“To do this properly, what we need to do is look at what someone is actually trying to do and identify what needs to be changed to make it more amenable to machine learning,” said Amjad Karim, Founder & CEO at KEEN AI. “That might mean a change in process because there are things that are easier to enable in process than they are in technology. And vice versa. We get our customers to think about the objective first, and then engineer the process to work.”
Just trying to do “machine learning” as an object or goal isn’t really effective. It’s why the KEEN-AI team asks not only how they can make a process amenable to machine learning and machine vision, but will also quickly develop a proof of concept and prototype to show how it might work. These models are built to scale, but they’re ultimately looking at the business problem first, and not just engineering a technical solution.
Understanding what it would mean to develop a solution that incorporates AI and machine learning capabilities to address a specific problem is essential. What is the underlying problem that needs to be solved? How can AI make it better? In many cases, deep-learning models can be applied but if doing so doesn’t help the business in any real way in terms of the bottom line or some other measurable, then there’s no point in doing it.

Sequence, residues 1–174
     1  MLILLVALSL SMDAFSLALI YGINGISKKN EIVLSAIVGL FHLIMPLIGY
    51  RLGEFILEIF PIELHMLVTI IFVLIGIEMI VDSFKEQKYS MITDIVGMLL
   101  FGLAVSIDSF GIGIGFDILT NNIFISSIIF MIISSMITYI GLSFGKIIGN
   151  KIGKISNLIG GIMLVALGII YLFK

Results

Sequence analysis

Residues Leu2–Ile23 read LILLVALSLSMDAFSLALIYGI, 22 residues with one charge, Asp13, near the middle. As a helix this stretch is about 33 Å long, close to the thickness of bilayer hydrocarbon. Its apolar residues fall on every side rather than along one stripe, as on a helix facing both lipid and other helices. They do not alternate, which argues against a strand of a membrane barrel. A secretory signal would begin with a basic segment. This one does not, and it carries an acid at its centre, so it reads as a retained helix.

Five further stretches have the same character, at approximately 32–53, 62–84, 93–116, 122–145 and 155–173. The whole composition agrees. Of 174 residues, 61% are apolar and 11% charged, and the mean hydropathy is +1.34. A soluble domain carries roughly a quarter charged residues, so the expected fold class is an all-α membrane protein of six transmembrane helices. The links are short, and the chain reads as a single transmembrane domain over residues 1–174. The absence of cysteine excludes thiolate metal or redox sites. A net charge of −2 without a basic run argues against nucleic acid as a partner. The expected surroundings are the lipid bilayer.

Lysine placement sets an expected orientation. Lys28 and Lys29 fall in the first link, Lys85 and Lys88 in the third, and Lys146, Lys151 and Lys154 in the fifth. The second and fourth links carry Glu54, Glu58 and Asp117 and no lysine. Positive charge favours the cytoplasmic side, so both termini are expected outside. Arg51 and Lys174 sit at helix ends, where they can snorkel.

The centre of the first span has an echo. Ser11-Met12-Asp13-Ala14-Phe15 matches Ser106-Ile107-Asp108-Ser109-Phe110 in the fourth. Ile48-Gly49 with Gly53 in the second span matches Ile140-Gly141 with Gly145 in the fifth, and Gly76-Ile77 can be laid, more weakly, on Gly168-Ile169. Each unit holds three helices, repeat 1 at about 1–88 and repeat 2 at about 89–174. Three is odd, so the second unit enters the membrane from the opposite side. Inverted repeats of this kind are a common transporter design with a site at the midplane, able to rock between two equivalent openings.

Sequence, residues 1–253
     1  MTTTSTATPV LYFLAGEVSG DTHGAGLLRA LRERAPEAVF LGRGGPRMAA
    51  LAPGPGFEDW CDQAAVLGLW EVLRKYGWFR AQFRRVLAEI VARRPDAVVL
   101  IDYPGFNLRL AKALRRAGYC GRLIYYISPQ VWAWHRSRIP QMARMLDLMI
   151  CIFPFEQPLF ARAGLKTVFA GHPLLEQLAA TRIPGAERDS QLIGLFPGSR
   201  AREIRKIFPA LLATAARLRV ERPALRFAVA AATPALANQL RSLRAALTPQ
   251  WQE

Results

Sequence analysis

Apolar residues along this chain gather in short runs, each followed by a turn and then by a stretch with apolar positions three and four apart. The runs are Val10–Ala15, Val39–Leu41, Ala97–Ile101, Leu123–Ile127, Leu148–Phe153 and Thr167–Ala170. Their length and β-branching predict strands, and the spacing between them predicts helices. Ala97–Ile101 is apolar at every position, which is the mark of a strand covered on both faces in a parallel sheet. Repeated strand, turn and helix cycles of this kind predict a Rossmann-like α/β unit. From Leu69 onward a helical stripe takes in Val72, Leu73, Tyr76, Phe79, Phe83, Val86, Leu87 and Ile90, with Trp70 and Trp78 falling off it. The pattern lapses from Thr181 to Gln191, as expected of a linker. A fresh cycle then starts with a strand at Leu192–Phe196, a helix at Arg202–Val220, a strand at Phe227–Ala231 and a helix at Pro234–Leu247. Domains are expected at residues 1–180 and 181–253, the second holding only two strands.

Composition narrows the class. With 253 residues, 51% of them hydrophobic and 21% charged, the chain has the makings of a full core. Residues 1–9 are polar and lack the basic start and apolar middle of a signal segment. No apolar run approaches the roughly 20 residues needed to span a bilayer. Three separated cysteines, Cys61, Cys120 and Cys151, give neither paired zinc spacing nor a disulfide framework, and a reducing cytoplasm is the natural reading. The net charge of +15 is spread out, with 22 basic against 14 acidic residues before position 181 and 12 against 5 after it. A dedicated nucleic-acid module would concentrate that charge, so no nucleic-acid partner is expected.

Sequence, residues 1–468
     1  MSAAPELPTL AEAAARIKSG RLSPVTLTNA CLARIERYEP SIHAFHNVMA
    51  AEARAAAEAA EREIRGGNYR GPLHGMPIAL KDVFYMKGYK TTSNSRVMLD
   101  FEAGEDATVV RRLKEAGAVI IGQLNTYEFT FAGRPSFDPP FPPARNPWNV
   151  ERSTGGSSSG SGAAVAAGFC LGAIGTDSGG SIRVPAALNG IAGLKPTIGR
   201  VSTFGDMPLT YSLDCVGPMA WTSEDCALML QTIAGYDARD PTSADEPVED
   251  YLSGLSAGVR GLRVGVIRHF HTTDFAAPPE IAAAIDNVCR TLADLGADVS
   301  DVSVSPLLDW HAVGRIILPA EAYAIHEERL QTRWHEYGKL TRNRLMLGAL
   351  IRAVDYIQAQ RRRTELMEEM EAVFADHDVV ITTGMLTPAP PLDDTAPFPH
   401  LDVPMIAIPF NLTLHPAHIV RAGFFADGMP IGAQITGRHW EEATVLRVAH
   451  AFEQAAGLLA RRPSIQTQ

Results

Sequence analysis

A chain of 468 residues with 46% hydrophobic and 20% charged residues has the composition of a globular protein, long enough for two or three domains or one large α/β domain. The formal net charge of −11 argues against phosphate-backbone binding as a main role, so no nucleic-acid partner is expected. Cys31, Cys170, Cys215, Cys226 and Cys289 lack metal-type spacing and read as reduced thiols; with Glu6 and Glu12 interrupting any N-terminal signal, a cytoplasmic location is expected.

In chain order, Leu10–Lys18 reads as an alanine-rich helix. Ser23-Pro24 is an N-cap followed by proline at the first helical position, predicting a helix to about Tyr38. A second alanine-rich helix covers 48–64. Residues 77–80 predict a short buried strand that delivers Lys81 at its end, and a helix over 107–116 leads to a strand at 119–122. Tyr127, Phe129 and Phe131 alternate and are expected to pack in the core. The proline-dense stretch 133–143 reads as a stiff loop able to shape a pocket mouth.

“People quite often get excited about a technology and want to do it, but we have to ask them why they really want to do something,” said Mubin Khan, Marketing Director of KEEN AI. “There are many ways you can apply this technology. Maybe you’ve already got lots of footage and lots of processes, but how do you choose the right pictures? That can lead to a discussion about something that hadn’t been considered, or adjusting a process that someone initially thought was too difficult or simple to change, but will enable a defined benefit.”